However, we do not consider that security tokens alone can represent all the potential of the technology because token economics do not fully come into play with them. One of the reasons behind Blockchain’s creation was the possibility to create new business models linked to a circular economy, the alignment of interests and the decentralisation of market places. Again, we are convinced that the innovative potential of Blockchain lies in the technology itself, that is, the distributed ledger with transaction protocols, as well as the tokens considered as programmable currencies leading to the possibility to create entirely new business models.

It is important to keep in mind that each project has its own token with its own features. When analysing the token economy, we need to think locally and not globally, or as Richard Olsen, the founder of the exchange platform Lykke, puts it: ‘There won’t be millions of tokens. There will be millions of kinds of tokens.’ (David Siegel, The Token Handbook). This plurality has led to using the term ‘crypto-asset’ in place of ‘token’.

In this context, a single classification and analysis framework seems essential from a regulatory, strategic and financial perspective. We propose an interpretive framework aimed at capturing all of the projects, covering the following criteria: use, origin, supply, existence of the crypto-asset, technology, associated rights, and degree of centralisation.

- Use classifies crypto-assets by their objectives (monetary, utility, financial, hybrid).

- Origin identifies the players entitled to issue crypto-assets within the ecosystem (single issuer, group of issuers, completely decentralised issue).

- Supply corresponds to the number of units to be created by the authorised participant(s) (fixed, continuous but limited, unlimited).

- The notion of existence covers the lifespan of an asset and can be broken down along the following axes: single use, multi-use, and permanent. This notion is linked to velocity.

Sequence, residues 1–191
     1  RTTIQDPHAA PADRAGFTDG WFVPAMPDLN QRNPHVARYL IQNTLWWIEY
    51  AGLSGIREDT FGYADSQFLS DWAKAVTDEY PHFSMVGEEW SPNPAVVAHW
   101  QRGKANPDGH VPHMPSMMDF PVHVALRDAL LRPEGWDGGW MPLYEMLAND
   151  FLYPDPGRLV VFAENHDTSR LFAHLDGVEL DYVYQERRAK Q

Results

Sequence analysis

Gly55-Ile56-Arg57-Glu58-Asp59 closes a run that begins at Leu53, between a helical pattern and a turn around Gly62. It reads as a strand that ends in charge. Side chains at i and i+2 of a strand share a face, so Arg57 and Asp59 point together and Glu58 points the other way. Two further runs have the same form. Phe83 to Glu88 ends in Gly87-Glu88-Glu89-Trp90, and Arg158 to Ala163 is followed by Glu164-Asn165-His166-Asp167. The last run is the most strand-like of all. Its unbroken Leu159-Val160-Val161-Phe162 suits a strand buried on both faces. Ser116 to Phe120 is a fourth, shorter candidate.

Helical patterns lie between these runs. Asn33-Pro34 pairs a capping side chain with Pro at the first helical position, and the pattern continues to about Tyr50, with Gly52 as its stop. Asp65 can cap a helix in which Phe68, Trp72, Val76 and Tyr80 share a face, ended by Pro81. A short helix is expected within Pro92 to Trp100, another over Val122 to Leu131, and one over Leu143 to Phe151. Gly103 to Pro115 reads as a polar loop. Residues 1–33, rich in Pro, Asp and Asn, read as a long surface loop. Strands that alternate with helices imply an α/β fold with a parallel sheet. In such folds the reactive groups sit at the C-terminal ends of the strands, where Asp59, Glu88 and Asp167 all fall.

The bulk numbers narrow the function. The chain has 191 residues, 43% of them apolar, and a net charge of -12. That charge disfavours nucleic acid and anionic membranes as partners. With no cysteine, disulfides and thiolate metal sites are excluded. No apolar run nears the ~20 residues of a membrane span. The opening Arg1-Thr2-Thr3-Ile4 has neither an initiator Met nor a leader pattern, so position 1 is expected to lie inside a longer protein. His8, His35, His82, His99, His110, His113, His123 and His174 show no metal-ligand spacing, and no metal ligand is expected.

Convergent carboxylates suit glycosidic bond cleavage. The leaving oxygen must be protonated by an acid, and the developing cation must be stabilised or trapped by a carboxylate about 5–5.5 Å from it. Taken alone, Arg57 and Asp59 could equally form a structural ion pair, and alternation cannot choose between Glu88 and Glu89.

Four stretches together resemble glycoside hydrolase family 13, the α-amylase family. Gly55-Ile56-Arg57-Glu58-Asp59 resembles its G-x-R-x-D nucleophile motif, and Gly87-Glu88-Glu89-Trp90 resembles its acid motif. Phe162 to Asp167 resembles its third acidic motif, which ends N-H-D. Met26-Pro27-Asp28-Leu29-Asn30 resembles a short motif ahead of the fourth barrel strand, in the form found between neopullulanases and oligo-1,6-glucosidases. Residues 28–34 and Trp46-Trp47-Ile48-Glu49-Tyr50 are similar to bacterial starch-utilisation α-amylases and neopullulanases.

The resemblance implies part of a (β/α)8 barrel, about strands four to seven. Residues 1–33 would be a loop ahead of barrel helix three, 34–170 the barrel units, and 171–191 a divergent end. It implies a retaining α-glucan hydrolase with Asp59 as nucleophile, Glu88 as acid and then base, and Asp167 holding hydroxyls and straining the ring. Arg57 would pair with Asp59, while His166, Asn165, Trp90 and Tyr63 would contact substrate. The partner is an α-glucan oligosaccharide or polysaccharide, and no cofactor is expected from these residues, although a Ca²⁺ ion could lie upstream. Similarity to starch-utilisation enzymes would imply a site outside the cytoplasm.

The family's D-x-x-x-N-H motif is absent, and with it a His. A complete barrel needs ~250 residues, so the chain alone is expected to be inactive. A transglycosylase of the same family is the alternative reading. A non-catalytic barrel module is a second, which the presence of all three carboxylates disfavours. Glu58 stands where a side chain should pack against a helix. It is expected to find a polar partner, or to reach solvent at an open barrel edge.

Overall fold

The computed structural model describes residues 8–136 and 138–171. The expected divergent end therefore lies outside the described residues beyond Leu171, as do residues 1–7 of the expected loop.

- The notion of technology identifies the technical ‘layer’ on which the crypto-asset is built. We can distinguish between:

o DApp tokens: crypto-assets enabling access to an application

o Non-native protocol tokens: type of token implemented within an economic protocol

o Native tokens: tokens implemented at the level of the Blockchain protocol itself

- The rights associated with a token differ according to their uses; we can distinguish between:

o Voting/ownership: rights often associated with the security-type token

o Use: right linked to using a service or network

o Work: right to contribute to the network. You must possess this asset to contribute to the network, which then rewards its participants in crypto-assets.

- Blockchain technology is often associated with the concept of decentralisation, loyal to the philosophy of its pioneers and the promise of technological horizontality. In reality, interactions between different players and the economic transformation in progress are much more complex than a simple shift from centralisation to decentralisation. The degrees of centralisation therefore vary widely, including in the initiatives from the so-called ‘new economy’. We distinguish between the following types of projects:

o Centralised: use a business’s service, the consumer pays in tokens in a way that is similar to how a traditional business works, except that it collects its revenue in tokens and not in traditional currency

o Semi-centralised: use is limited to certain network nodes; this is particularly the case with permissioned Blockchains

o Decentralised: once the crypto-asset has been issued, it circulates freely from peer to peer, without the involvement of any central body.

By integrating these parameters on a scale of 0 to 3, we obtain the diagram below, which provides a comparison of the crypto-assets. Such an analysis enables entrepreneurs to make token-economy-based financial decisions in line with their strategic objectives; it also allows investors to classify their investments. This classification is an essential tool in rationalising the value and price of these new assets.